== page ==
(CN) - The National Oceanic and Atmospheric Administration may expand the boundaries of two national sanctuaries off the California Coast.
The Gulf of the Farallones and Cordell Bank Marine Sanctuaries are federally protected marine areas off California's north-central coast. NOAA designated them as sanctuaries in the 1980s.
NOAA published a notice on Friday proposing an expansion of the areas north to Mendocino County and west to the edge of the Continental Shelf.
The expanded area would include the Point Arena upwelling center, which NOAA says "consistently produces the most intense upwelling in all of North America."
Upwelling is a phenomenon in which wind carries cool, more nutrient-rich water to warmer, nutrient-deprived waters.
"The sanctuaries are destination feeding areas for endangered blue whales and humpback whales, sharks, salmon, and seabirds like albatrosses and shearwaters that travel tens of thousands of miles," the agency wrote. "Food that results from the Point Arena upwelling center also supports the largest assemblage of breeding seabirds in the contiguous United States on the Farallon Islands."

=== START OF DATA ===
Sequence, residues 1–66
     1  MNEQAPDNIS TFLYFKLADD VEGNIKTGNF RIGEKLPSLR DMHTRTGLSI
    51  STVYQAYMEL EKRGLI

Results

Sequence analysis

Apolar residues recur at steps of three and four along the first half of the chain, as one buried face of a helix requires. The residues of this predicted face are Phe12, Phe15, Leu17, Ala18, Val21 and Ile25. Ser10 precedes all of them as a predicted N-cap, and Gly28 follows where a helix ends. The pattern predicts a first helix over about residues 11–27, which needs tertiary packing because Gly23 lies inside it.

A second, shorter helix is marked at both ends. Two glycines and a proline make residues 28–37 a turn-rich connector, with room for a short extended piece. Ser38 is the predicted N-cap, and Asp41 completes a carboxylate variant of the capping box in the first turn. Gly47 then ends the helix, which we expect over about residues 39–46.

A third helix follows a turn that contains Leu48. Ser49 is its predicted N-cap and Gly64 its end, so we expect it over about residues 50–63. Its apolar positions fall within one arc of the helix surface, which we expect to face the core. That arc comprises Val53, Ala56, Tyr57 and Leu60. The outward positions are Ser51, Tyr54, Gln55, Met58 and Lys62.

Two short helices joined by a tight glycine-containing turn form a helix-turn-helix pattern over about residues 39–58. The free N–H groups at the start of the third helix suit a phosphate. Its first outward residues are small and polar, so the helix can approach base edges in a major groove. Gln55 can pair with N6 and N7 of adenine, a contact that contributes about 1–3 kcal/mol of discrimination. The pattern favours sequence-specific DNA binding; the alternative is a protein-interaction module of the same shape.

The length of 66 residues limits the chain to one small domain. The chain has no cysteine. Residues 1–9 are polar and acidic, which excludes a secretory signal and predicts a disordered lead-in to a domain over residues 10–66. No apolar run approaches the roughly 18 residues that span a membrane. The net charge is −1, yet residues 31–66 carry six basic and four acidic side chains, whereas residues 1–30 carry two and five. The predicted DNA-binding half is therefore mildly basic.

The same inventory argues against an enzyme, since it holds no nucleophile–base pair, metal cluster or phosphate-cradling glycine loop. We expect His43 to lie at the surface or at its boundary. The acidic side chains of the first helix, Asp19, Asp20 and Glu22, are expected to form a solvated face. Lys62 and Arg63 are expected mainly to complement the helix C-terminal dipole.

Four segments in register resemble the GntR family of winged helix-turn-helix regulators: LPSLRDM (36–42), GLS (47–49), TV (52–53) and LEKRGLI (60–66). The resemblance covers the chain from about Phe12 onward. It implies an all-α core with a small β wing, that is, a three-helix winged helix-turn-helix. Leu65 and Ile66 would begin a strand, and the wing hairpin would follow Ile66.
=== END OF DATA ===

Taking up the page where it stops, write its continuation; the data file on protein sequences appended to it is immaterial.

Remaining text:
The waters are also home to coral reefs, rockfish, salmon and Dungeness crab.
"The rich diversity and health of this thriving marine ecosystem depends on the cold nutrient rich source water originating from the Point Arena upwelling center," the agency wrote.
Advisory councils from both sanctuaries have discussed boundary expansion in the past, and in 2008 a joint management plan review determined that managers would facilitate an expansion process within five years.
The agency seeks public comments on the proposed expansion, which can be submitted until March 1, 2013.
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